ISLAMABAD - Reducing daily intake of food by 40 percent may help in enhancing one’s life span by 20 years, British scientists working over treatment for ageing disease have suggested.
Researchers at the Institute of Health Ageing at University College, London are developing a treatment they hope will combat the `disease` of getting older, a newspaper reported.
They are looking into how genetics and lifestyle, adapted to offset the effects of ageing, can add years possibly decades to a person`s life. Age-related diseases such as cardiovascular disease, cancer and neurodegeneration can also be combated, it is claimed.
One line of inquiry that the team is developing is how the life of a rat can be increased by up to 30 percent simply by reducing its food intake. “If you reduce the diet of a rat by 40 per cent it will live for 20 or 30 per cent longer. So we would be talking 20 years of human life. This has shown on all sorts of organisms, even labradors,” lead researcher Mathew Piper told The Independent.
Scientists are also studying fruit flies, which share 60 percent of human genes and age in a similar manner, and mice.
They have already prolonged the healthy lifespan in both flies and mice by using drug treatments and a modified diet. It is hoped that this combination will also work to extend human life. Piper said, “If we discover the genes involved with ageing, we should be able to delay ageing itself. This is what we’ve found.” Piper, however, cautioned that the field of research into extending life is only a decade old, so remains “theoretical”.
Seafood ‘may cut heart attack risk by 50pc’
Including one portion of seafood in your weekly diet may half the chances of suffering a heart attack; it has been revealed in a study.
Prawns, crabs, squid and octopus are just as packed with vitamins, minerals and fish oils as fish like salmon or cod, the Daily Mail reported.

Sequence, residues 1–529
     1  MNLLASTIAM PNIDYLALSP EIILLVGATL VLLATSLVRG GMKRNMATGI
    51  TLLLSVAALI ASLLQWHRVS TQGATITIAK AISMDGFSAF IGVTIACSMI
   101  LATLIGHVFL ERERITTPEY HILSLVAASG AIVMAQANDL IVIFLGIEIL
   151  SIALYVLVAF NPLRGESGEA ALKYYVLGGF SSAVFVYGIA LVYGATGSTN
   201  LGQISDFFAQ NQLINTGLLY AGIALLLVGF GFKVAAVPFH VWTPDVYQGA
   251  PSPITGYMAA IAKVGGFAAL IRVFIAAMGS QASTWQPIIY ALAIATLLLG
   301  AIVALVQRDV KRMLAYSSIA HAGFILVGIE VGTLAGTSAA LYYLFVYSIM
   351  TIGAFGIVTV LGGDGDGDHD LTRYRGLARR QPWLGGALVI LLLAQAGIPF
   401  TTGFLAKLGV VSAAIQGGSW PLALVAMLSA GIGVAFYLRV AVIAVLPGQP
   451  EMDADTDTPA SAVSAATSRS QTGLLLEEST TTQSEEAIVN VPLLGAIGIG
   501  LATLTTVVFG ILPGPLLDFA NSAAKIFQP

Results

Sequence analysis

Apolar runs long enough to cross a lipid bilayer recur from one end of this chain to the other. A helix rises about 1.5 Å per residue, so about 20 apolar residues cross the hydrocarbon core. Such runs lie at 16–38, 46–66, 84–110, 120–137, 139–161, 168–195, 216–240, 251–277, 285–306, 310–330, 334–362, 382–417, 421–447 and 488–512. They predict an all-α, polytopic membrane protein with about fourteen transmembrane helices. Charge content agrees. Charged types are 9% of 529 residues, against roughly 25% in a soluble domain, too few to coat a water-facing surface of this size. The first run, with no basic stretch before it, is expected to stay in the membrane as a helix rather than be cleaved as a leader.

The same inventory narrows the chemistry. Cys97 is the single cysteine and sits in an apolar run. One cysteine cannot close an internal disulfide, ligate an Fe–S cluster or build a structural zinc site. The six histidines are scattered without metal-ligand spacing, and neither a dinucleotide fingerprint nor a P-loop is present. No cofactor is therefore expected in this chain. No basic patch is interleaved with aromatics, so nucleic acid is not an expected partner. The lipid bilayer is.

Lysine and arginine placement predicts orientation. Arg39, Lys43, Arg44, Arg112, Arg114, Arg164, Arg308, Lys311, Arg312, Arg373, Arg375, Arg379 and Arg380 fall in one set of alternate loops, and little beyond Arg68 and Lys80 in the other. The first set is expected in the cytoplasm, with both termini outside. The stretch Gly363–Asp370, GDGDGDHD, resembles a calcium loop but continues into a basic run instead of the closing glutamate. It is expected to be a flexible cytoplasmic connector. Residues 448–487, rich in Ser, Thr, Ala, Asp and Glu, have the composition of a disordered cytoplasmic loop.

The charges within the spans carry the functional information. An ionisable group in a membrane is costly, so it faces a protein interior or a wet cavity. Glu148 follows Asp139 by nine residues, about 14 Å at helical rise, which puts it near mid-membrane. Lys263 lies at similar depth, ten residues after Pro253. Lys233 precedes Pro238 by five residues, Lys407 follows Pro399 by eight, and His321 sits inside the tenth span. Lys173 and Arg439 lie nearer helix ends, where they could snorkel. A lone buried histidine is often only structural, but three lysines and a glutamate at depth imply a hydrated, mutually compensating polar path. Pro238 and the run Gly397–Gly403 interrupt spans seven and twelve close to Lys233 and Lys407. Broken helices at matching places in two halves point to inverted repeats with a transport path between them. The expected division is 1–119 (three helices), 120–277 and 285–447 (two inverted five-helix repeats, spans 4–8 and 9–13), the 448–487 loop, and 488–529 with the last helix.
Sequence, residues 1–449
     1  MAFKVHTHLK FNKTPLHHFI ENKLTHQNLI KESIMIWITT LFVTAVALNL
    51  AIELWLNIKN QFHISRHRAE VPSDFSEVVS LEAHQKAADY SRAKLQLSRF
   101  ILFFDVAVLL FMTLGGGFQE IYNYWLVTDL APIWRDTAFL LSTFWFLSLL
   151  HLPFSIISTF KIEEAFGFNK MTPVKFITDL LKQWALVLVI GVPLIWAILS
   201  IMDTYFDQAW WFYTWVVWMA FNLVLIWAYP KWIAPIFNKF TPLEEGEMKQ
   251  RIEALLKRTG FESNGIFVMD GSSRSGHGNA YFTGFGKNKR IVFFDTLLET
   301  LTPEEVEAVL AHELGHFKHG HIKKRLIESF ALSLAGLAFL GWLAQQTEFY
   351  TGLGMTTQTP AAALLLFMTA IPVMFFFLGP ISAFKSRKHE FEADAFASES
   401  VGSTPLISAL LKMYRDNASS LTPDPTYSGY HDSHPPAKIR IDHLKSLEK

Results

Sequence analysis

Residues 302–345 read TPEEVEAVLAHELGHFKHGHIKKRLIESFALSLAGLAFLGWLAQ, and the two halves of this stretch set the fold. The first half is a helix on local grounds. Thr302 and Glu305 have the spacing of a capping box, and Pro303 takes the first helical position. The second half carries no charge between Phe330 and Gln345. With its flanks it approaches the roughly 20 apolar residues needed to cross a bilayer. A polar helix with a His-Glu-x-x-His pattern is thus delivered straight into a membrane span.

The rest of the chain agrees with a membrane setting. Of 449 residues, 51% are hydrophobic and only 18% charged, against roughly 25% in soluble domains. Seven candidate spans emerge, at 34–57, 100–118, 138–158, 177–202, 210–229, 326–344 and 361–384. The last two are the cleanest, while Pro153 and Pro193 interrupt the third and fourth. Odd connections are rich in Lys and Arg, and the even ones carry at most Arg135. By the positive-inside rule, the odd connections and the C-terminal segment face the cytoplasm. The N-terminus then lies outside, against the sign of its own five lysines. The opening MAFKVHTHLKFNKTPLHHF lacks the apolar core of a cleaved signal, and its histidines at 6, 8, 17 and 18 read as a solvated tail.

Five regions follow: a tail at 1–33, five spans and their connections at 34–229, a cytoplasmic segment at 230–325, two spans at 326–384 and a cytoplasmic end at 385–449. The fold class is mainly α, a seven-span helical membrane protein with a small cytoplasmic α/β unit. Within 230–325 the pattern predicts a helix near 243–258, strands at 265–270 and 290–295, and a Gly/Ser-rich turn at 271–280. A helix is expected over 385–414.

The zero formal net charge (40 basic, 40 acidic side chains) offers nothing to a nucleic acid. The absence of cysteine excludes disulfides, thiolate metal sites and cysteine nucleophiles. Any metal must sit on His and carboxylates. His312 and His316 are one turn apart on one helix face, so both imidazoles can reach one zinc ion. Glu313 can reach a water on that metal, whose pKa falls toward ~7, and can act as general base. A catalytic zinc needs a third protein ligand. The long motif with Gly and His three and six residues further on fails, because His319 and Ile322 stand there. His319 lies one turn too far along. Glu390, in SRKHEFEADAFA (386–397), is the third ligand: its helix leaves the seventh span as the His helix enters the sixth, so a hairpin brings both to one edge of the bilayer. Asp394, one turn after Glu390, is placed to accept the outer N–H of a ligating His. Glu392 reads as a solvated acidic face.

They all contain Omega-3 - a key fatty acid known to help with heart health. Although seafood contains cholesterol, it’s actually foods high in saturated fats - the type found in cheese, red meat and fast food - that increase levels of bad cholesterol in the body.
So seafood is unlikely to have a major impact on your blood cholesterol levels. However, the NHS advises against eating raw shellfish and raw seafood during pregnancy.
Fish intake improves memory
Medical researchers at the University of Alberta have discovered a possible explanation for why taking a diet high in DHA, an omega-3 fatty acid found in fish, improves our memory.
Principal investigator Yves Sauve and his team found that lab models fed a high-DHA diet had 30 per cent higher levels of DHA in the memory section of the brain, known as the hippocampus, when compared to animal models on a regular, healthy diet.
“We wanted to find out how fish intake improves memory,” said Sauve, a researcher in the Faculty of Medicine and Dentistry who works in the department of physiology, the department of ophthalmology and the Centre for Neuroscience.
“What we discovered is that memory cells in the hippocampus could communicate better with each other and better relay messages when DHA levels in that region of the brain were higher.
This could explain why memory improves on a high-DHA diet,” he said.
Sauve noted it is a key finding that when a diet is supplemented with DHA, that additional stores of the omega-3 fatty acid are deposited in the brain. His team confirmed this finding, a discovery other labs have noted as well.
Supplementing your diet with DHA, such as increasing fish intake or taking supplements, could prevent declining DHA levels in the brain as we age, Sauve suggested.
Earlier this year, Sauve and other colleagues discovered DHA prevents the accumulation of a toxic molecule at the back of the eye that causes age-related vision loss. He is continuing his research in this area.
Their findings been have just published in the peer-reviewed journal Applied Physiology, Nutrition, and Metabolism.